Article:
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For gold investors, a temporary solution to U.S. debt ceiling is the gift they wish would stop giving

Commentaries & Views

To avoid a financial crisis in the United States the government passed legislation to leave the U.S. debt ceiling uncapped for two years avoiding a financial government default. However, the fallout from the U.S. Treasury having to service financial obligations between January when the debt ceiling limit was hit and also having to refill the government coffers will create a unique set of problems.

On June 1st gold futures basis the most active August 2023 was priced at $1995.50. The result of a relief rally that occurred when bipartisan legislation went to Congress where it was passed in a vote of 314 to 117. A far cry from today’s $26 decline taking gold futures to $1957 per ounce.

Next week the Federal Reserve will hold the next FOMC meeting in which it is highly anticipated that they initiate the first interest rate hike pause after 10 consecutive FOMC meetings resulted in higher rates. Inflation continues to remain elevated and is moved higher as seen through the last PCE report. Also, the jobs report for May showed that the U.S. economy gained 339,000 new jobs with the unemployment level rising to 3.7%.

Now investors and market participants are bracing for an onslaught of U.S. government bond issuances as the treasury must now refill its coffers.

According to MarketWatch, Investors are bracing for an estimated $1 trillion deluge of Treasury issuance to start flowing later this week and continue in the coming months as part of the latest debt-ceiling resolution.

Reuters reported that “The Treasury General Account has fallen sharply since January when Treasury hit its limit on borrowing. Cash balance targets indicate it will need to rebuild its account quickly now that the borrowing cap has been lifted. It is expected that the treasury will auction off up to $1 trillion this summer which will have a profound and dramatic impact taking yields higher.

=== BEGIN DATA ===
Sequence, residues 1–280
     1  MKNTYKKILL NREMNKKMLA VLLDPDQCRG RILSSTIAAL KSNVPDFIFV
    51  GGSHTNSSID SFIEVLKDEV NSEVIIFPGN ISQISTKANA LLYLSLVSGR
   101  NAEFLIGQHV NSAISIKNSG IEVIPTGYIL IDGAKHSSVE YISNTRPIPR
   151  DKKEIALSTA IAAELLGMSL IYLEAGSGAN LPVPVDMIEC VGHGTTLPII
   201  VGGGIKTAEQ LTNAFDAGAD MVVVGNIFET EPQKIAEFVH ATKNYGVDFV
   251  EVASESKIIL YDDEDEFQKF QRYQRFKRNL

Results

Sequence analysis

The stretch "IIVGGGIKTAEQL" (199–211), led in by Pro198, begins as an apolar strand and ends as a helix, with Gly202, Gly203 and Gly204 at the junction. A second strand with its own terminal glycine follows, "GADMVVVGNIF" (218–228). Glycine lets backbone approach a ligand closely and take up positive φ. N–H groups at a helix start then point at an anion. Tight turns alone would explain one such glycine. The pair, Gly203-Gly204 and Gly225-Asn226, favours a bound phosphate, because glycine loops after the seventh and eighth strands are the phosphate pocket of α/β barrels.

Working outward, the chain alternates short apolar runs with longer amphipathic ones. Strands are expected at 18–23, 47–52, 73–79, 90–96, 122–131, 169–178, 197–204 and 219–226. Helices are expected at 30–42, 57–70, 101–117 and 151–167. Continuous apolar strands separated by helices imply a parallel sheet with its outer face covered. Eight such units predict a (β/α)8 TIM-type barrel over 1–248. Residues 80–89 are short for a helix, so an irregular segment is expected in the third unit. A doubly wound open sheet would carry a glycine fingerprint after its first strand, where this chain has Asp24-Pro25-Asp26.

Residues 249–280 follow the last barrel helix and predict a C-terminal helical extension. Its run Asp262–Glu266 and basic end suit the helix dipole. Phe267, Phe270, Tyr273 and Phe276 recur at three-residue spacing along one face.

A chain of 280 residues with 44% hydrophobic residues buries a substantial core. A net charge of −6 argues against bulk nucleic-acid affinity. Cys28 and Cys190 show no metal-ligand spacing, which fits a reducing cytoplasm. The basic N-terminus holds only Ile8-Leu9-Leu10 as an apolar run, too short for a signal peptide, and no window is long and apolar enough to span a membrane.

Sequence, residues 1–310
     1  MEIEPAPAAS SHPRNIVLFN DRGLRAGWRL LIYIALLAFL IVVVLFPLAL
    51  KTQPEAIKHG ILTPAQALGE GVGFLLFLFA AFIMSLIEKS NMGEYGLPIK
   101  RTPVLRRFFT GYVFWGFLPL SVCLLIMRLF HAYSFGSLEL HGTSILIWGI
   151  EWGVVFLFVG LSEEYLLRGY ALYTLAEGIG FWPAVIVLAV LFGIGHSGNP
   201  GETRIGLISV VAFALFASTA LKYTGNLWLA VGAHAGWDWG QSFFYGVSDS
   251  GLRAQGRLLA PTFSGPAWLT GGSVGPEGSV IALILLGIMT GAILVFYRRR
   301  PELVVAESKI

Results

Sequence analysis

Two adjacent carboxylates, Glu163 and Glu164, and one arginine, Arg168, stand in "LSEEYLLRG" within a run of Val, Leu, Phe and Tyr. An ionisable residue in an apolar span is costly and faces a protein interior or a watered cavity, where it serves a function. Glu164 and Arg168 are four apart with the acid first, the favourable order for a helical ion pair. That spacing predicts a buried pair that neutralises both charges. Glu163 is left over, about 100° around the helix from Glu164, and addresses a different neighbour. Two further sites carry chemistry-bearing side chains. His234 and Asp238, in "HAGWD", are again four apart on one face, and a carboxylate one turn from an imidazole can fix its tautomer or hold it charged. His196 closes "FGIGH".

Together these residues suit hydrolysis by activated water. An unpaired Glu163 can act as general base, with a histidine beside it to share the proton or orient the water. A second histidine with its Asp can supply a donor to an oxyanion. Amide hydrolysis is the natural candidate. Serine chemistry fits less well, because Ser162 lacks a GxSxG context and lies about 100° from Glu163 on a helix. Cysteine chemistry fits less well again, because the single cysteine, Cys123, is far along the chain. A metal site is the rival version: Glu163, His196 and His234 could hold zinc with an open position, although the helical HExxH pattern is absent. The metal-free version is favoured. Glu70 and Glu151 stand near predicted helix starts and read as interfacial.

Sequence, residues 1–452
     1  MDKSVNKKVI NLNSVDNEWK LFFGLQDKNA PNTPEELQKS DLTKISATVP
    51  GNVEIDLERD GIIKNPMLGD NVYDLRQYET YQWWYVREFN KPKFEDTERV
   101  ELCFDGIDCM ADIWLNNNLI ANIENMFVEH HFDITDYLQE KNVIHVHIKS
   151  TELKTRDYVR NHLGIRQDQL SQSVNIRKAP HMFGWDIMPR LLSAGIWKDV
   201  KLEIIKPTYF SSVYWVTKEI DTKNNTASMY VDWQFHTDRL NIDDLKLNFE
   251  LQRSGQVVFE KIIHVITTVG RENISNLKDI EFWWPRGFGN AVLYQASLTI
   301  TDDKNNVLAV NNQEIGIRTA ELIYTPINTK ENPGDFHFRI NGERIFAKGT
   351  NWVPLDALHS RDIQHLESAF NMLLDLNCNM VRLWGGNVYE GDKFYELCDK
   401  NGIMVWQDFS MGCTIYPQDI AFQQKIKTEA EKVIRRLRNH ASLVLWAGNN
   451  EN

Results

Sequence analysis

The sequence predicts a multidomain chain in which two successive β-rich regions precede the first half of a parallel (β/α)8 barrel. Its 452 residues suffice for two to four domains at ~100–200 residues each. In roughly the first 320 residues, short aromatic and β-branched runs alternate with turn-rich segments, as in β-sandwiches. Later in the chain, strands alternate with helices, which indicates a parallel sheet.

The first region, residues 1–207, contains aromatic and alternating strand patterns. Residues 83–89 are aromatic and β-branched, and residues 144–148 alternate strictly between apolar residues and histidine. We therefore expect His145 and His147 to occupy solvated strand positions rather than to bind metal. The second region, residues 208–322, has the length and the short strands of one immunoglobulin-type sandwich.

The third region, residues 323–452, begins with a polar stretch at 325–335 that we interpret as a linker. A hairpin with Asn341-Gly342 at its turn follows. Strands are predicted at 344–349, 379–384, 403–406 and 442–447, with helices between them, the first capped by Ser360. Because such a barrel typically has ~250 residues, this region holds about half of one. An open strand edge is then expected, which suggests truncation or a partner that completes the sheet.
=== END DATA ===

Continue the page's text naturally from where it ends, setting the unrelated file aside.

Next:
According to the Congressional Budget Office interest costs on public debt will reach $645 billion this year and $1.4 trillion in 2033. “Average interest rates on federal debt rise in CBO’s projections, as debt matures and is refinanced. In 2024, the projected average interest rate on debt held by the public is 2.9 percent—0.2 percentage points higher than it was in 2023 and 0.7 percentage points higher than in 2022. That rate generally rises thereafter, albeit more slowly, reaching 3.2 percent in 2033.”

The massive sale of U.S. debt will certainly result in prices falling taking yields higher. High yields are kryptonite to gold pricing. Although the debt ceiling crisis has been averted the fallout created will be the gift that gold investors wish would stop giving because high yields pressures gold lower.

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Wishing you as always good trading,

Gary S. Wagner

Disclaimer: The views expressed in this article are those of the author and may not reflect those of Kitco Metals Inc. The author has made every effort to ensure accuracy of information provided; however, neither Kitco Metals Inc. nor the author can guarantee such accuracy. This article is strictly for informational purposes only. It is not a solicitation to make any exchange in commodities, securities or other financial instruments. Kitco Metals Inc. and the author of this article do not accept culpability for losses and/ or damages arising from the use of this publication.